rv lifestyle - Caring, AffordablE Respite Experience
Living in your Stationary RV in a Safe Environment
Hi, Michelle Fontaine and we are at a place that we’ve been trying to get to for two years. Two years ago, Laurie and I attended the 59th Escapade, the Escapee’s reunion in Tucson, Arizona. And we came across this information about Escapee’s CARE, and it really felt like a great story. So, two years later, here we are.
I’m sitting with Crystal Saulters, the Activities and Events Coordinator for CARE. Crystal, what does CARE stand for, the original definition of care?
Crystal: Continued assistance for retired Escapees.
Michelle: I would imagine a full time RVer as they’re getting up in age worries about that. What happens when I hurt myself, or I can’t drive, or we have to get medical attention? You really are providing such an important answer to that question, aren’t you?
Michelle: We also met with Russ Johnson, Executive Director for CARE.
Russ Johnson: We are a separate nonprofit 501(c)(3). And it was a concept really that began with the founder of the Escapee’s RV Club, Kay Peterson and Joe Peterson. Kay was a registered nurse, and they were travelers like the rest of us in the RV club. And as Joe would work at an electrical project for the government, Kay would then work in the assisted living or nursing home community in a particular area that they were in. And one thing that troubled her was the fact that people going into assisted living and nursing homes, that they had to put up a large sum of money generally. And if they didn’t like the services, they might lose a good deal of their life savings if they left to try to go someplace else.
Crystal: There is an application process. Part of the application goes to the doctor, which will indicate to us that this person can live independently. And then we have a committee that has to do with finances. Another one, of course, which is Judy, our facility nurse that, you know, medically. And then Russ, our director, the overall say of accepting them. The criteria is that you have to be able to live independently on your own, which basically if you can get yourself over to our dining room for meals, you’re qualified.
Michelle: Let’s talk a little bit about the finance part of it. My understanding is that this is a lot less expensive than traditional independent living facilities, correct? And is it kept within their monthly income, or do they need to have other money to draw from? How does that work?
Crystal: For a single person, it’s right at $1,000 a month, and that’s everything. And then if it were a couple, it would be an extra $500.
Michelle: For that monthly fee, tell us again what does that include? Go down the list.
Crystal: It includes your site with your own personal storage shed. You’ll have a phone box there, electricity, and water hookups. You are provided with trash pickup, maintenance to mow the grass, housekeeping to come to your RV and clean every other week, and laundry to be picked up and done and brought back to you every week. Transportation. Anything over a 15 mile radius, there is a charge. I think it’s 50 cents per mile.
Crystal: Aside from our resident program, we also have an adult daycare. Our adult daycare is the only one in Polk County, which serves the whole tri-county area because of where we’re located not very far as, you know,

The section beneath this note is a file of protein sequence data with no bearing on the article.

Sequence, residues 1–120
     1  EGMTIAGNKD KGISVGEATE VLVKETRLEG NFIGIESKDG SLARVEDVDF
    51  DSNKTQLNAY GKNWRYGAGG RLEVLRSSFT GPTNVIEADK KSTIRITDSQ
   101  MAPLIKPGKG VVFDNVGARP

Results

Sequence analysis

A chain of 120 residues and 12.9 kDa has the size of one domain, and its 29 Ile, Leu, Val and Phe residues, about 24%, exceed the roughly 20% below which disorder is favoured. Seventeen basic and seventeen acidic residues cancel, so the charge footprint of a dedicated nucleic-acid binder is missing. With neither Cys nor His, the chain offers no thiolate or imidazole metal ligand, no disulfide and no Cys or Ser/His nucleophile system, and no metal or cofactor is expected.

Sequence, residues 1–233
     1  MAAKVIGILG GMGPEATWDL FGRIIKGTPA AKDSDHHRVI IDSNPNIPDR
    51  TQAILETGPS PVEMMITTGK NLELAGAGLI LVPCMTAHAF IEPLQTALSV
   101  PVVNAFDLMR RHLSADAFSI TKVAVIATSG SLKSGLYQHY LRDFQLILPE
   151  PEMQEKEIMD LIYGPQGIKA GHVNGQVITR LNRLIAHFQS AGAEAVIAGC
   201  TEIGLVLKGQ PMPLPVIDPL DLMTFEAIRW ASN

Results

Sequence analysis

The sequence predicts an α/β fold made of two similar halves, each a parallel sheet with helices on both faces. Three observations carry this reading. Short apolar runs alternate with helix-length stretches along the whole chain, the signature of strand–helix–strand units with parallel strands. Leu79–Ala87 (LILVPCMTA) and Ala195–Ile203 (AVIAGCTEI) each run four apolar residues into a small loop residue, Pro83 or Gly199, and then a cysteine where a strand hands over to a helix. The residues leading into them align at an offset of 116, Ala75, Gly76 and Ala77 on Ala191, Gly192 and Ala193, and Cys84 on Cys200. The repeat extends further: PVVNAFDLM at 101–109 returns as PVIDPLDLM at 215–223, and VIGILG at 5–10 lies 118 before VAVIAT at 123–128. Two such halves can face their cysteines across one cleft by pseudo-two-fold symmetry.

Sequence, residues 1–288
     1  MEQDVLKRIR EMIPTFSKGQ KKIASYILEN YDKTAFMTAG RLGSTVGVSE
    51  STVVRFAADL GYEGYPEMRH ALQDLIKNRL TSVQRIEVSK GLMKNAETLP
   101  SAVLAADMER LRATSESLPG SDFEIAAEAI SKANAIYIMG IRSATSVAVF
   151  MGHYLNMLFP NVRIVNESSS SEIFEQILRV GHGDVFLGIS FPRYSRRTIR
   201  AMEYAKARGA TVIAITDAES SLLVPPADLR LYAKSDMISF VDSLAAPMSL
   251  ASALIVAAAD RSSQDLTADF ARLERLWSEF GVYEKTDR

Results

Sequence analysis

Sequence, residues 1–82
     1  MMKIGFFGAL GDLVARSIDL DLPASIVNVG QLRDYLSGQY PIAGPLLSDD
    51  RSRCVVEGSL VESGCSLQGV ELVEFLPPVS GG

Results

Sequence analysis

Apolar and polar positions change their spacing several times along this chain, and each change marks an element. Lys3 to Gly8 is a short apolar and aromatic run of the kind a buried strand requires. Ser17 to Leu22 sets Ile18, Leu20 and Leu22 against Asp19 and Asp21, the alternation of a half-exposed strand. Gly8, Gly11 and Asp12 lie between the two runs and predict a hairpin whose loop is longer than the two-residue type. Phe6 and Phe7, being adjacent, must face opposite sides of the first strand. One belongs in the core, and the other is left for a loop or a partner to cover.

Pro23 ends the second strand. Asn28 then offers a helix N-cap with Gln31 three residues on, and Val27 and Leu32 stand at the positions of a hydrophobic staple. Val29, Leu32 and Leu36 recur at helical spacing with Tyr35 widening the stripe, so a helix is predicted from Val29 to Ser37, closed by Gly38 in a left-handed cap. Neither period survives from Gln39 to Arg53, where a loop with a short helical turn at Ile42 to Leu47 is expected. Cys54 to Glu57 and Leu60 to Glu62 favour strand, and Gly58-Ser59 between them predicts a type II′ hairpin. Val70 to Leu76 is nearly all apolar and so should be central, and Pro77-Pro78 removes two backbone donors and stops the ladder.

north county lines.
We have a full-time LVN, which is our facility nurse. And we have two CNAs. And they are primarily for the adult daycare. However, Judy, our facility nurse, she takes care of all the residents. She’s very, very much involved in what they have going on.
We have a way of checking on our residents every day by 10 o’clock. And they don’t even realize that we’re checking up on them. We ask them to call in by 10 o’clock every day to let us know what their plan is for the day. So, if they tell us that they’re going to come for lunch, and then 12 o’clock rolls around and we haven’t seen them yet, then we check on them. But many people, especially those that, you know, are trying to eat on the healthy side, or on a diet, or just, you know, want to be more independent, they will choose to go out to eat, or to cook, and do their own thing.
Michelle: How about pets? Crystal: Oh, we love pets. We’re very pet friendly. I would say at least if not more, at least half of our residents have a dog. Some of them have cats. We actually have a cat on the loose right now that we’re trying to catch. And we will before the day’s end.
Michelle: When talking to some of the people here and asking what the main perks are for them, we hear they don’t have to cook or do laundry, right? And you’re in a community.
One person even told us the story where they had– they bought a house, they lived in a house for awhile, but then when they got into their 80s, they decided to come here, and mainly because of those great perks and things they don’t have to do, and the feeling of community.
Wanda: I found out that there were four openings down here. I said, “Robert, come on, we’re going to go to CARE for a month and see if we like it.” And so, we did. What’s not to like?
Crystal: We do have a waiting list. And you know, some of the people on the waiting list, they wanted to reserve their spot for when that time comes.
Michelle: Thank you, Crystal, for telling us all about CARE, how this all fits together to benefit people who live here, taking the stress out of daily living. Russ, thank you so much for filling us in on this part of the CARE organization. And please, if you would like to donate to this very worthy cause, you can do so many ways. Their website is
Russ: And thank you very much for coming to share the story of Escapee Care Inc with the rest of the country.